While I haven't tried every pizzeria in Taipei, I have eaten my share and resigned to the fact that one cannot get a decent pizza in the city. Some of the pizzerias just don't know how to make the dough, producing one that is crunchy instead of chewy. Others either don't have a hot enough oven or don't cook the pizza enough, resulting with a pizza that lacks a crisp and charred dough at the bottom and without a puffy crust (cornicione as the Italians call it). One would think pizza, flatbread with flavorful toppings, should not be so difficult, yet most of the pizzerias in Taipei cannot produce a decent one.
When my wife, Maria, asked me recently to go try another pizzeria, I was initially a bit reluctant. However, she assured me this one, Zoca Pizzeria, would be different and it turned out she was right.
Zoca Pizzeria is located at 臨江街149號 in the Da-an district of Taipei on the ground floor of a nondescript building. Up front there is a small terrace that allows for some semi-outdoor dining. As one walks inside the glass storefront, the first thing one sees is a counter and a display of house-made Italian pastries. Behind the counter is the work space of the pizzaiolo and one of the owners, Federico Zocatelli. Every time I go to the restaurant, Zocatelli is there in front of all the customers stretching the dough into shape, adding the sauce and the toppings, and baking the pizza in the oven next to his worktop. Above the opening to the oven hang two clocks, seven hours apart, one set to Taiwan time and other to Italy, Zocatelli's home country. The rest of the interior of the restaurant is very simple, light yellow painted wall and dark colored wooden chairs and tables. A few pictures of the chef's home town, Verona, seem to hang randomly on the walls. Decor is not the strength of the restaurant.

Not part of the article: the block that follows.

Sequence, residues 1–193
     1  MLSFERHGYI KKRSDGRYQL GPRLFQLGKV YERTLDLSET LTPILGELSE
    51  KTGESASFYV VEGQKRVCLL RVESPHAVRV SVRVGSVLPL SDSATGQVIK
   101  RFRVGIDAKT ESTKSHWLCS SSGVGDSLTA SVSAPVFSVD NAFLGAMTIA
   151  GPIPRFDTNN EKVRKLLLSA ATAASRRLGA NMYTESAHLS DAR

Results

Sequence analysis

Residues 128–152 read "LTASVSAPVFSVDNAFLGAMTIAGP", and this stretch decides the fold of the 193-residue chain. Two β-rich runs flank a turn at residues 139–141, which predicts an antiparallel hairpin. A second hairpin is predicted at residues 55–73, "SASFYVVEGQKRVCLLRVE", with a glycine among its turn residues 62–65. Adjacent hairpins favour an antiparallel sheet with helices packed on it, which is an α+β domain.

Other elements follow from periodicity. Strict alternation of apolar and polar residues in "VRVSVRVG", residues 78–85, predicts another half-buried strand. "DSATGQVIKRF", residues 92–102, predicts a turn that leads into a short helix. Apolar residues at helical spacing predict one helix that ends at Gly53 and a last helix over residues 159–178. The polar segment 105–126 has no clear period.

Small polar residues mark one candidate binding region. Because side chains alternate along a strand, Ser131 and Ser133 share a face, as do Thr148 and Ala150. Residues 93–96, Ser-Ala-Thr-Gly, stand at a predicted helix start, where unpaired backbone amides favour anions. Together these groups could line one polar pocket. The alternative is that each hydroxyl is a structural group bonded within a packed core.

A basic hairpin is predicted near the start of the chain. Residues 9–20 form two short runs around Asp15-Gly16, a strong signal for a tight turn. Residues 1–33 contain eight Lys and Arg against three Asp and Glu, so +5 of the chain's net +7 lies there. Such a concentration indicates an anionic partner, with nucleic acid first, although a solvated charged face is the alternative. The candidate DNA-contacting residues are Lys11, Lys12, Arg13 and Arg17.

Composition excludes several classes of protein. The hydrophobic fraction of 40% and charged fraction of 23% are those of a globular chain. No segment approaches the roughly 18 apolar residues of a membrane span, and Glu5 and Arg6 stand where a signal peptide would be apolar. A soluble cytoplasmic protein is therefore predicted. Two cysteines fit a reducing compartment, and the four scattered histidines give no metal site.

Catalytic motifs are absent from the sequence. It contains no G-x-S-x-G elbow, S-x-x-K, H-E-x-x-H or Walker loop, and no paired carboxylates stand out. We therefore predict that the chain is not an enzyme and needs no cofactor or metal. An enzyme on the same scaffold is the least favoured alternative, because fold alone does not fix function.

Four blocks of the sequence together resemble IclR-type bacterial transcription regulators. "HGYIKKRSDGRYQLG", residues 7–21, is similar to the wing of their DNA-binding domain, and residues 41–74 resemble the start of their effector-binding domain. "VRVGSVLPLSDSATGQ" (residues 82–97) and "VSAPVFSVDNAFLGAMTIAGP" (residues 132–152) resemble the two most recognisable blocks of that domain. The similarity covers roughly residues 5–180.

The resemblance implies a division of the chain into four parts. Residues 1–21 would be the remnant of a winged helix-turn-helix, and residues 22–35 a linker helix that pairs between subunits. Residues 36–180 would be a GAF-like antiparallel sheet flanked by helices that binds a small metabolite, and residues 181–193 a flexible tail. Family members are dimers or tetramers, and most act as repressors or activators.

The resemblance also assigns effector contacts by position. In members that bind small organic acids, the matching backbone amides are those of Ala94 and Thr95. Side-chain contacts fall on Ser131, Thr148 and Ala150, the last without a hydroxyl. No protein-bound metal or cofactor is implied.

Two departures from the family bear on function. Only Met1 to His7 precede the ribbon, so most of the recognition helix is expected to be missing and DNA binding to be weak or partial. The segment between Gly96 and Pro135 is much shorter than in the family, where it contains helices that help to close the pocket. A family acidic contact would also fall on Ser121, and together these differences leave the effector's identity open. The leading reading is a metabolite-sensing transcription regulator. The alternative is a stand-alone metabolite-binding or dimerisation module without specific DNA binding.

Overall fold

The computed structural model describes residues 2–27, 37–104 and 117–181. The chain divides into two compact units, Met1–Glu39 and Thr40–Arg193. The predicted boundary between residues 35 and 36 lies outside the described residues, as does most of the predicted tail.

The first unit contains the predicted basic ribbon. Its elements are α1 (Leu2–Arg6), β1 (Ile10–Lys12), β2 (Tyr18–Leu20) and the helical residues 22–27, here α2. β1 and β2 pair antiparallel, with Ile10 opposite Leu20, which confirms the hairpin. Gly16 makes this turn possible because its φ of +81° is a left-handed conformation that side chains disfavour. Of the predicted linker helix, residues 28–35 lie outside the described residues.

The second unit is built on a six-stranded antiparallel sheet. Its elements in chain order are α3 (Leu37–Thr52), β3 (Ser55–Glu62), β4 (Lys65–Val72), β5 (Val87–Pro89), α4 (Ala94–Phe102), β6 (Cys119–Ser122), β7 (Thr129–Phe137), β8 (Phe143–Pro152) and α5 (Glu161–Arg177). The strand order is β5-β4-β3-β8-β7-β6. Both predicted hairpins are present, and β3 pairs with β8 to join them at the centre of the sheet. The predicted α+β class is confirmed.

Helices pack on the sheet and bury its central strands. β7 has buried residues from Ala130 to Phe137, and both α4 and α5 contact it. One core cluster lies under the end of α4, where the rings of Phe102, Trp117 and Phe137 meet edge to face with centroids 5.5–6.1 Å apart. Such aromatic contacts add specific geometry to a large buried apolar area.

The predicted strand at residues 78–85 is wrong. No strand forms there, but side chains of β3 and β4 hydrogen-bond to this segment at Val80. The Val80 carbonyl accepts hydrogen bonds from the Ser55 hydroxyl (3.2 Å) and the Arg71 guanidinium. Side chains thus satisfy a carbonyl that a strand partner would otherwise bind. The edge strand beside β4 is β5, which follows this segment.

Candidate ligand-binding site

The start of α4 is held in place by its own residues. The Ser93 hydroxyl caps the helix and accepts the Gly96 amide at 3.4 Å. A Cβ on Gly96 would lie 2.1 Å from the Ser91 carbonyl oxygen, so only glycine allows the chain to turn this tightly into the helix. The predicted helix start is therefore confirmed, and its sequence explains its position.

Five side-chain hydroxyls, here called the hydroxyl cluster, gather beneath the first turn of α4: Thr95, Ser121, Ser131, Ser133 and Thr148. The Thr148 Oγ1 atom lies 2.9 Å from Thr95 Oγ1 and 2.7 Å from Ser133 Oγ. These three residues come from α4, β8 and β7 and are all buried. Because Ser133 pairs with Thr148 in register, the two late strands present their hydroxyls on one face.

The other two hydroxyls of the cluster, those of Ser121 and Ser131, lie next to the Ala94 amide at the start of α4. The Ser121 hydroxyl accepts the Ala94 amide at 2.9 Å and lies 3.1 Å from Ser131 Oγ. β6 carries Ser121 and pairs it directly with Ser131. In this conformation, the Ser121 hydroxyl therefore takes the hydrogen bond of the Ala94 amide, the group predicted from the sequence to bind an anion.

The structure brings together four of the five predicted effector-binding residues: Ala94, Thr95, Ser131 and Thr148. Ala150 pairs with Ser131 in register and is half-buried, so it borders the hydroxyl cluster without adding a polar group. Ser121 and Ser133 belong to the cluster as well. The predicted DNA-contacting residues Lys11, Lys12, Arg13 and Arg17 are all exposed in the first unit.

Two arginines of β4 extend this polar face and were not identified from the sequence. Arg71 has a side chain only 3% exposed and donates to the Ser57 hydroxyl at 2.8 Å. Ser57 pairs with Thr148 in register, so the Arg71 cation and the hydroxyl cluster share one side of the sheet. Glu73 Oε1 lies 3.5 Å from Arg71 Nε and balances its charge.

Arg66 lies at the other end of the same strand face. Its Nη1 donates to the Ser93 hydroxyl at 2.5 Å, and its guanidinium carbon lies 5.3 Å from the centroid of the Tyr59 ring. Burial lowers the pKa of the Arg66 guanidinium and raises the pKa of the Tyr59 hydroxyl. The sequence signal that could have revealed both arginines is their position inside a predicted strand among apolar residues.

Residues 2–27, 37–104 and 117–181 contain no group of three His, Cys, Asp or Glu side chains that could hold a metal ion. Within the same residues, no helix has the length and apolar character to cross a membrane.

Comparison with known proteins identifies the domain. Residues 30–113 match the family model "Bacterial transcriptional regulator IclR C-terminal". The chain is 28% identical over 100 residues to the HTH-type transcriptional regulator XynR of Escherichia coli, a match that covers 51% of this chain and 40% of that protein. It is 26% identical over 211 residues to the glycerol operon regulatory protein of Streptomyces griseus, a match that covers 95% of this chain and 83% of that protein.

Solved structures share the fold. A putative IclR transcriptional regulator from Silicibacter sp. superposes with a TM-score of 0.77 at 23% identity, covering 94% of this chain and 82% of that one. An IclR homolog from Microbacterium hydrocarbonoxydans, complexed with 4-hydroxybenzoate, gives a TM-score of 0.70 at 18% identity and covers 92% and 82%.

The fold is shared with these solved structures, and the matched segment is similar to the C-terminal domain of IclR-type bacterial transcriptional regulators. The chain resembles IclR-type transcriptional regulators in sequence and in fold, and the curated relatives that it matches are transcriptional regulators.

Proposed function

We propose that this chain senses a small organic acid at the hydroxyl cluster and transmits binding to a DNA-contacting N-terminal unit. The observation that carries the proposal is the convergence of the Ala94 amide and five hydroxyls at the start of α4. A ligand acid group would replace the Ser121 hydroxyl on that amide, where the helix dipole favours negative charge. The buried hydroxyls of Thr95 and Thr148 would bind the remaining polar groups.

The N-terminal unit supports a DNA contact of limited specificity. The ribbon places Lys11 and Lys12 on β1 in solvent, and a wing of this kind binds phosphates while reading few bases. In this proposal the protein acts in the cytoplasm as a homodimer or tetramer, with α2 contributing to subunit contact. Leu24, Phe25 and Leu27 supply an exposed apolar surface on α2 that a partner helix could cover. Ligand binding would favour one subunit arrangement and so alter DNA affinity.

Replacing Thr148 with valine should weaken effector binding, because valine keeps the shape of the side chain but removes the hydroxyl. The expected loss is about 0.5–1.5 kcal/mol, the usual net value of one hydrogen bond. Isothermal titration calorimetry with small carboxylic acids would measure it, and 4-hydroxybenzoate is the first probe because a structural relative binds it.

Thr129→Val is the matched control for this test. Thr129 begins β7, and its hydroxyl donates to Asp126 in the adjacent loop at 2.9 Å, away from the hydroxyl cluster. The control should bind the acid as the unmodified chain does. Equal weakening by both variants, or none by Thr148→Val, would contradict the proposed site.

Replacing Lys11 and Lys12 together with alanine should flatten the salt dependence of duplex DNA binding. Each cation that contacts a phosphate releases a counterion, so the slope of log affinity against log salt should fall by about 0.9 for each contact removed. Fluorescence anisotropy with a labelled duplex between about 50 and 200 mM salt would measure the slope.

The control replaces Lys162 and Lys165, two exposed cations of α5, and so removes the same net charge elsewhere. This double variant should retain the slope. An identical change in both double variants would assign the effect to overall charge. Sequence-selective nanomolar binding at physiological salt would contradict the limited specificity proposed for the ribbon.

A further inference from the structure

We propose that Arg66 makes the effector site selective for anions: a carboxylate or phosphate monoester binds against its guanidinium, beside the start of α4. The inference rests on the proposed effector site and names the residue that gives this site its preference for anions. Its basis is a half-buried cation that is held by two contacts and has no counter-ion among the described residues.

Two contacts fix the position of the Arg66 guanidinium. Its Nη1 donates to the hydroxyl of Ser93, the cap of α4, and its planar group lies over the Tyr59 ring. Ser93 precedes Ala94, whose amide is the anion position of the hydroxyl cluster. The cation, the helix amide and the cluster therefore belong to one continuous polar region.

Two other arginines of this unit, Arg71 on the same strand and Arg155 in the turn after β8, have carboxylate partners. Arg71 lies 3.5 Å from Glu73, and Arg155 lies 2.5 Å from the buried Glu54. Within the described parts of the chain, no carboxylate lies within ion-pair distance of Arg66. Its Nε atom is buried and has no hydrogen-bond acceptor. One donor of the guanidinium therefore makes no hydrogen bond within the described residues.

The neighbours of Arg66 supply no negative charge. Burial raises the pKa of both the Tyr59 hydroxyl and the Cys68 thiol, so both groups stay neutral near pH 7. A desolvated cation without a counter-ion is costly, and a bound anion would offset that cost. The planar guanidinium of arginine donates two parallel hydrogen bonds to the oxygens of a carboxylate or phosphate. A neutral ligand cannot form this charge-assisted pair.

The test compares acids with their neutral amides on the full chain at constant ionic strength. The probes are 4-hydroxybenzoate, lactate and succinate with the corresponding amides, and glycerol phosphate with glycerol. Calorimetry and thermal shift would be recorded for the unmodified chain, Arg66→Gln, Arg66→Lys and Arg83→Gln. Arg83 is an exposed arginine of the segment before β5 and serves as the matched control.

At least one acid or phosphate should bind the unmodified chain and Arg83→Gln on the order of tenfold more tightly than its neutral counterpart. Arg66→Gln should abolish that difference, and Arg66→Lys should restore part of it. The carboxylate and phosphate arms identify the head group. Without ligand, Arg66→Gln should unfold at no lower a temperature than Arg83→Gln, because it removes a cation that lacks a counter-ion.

The main attraction is really the pizza, in fact the menu doesn't offer much else; there is a salad, a soup and a lasagna. There are over 40 different types of pizzas to choose from; some of the differences between the different pizzas are simply an additional ingredient or two. The pizza is usually served not too long after the order is placed. The pizza comes with toppings that are bubbling. The cornicione and the bottom of the crust are nicely charred. We typically order Margherita, Salamino, and Pugliese, all of which are very good. Occasionally we will order a Fagottino, more an open-face calzone than a pizza, which is also quite good. The only ones I tried that I don't like are the pizzas with mascarpone cheese. I prefer the more savory ones.
After the pizza, we always order some desserts, Tiramisu, Millefoglie, Sacher, Torta di Verona, all of which are made by Zocatelli. Sometimes, he even makes baba au ruhms. All the desserts are fairly good: not fancy, simple, and just sweet enough with good flavors. Together with the good espresso, our meals at Zoca always end on a happy note.
So what's not to like about Zoca? Since I am an architect, I wish the interior can be a bit more designed. Some acoustic treatment on the wall or the ceiling will help reduce the noise a bit. The other thing I don't like about Zoca is that there are simply too many choices for the pizzas. I am not sure this amount of variety is really necessary, considering a pizzeria like Da Michele in Naples only serve two types, and Motorino in New York City serves less than ten types.
While there are fancier pizzerias in Taipei, Zoca is the best place I have eaten so far. Until someone shows me a better place in the City, Zoca is where I like to go for pizza.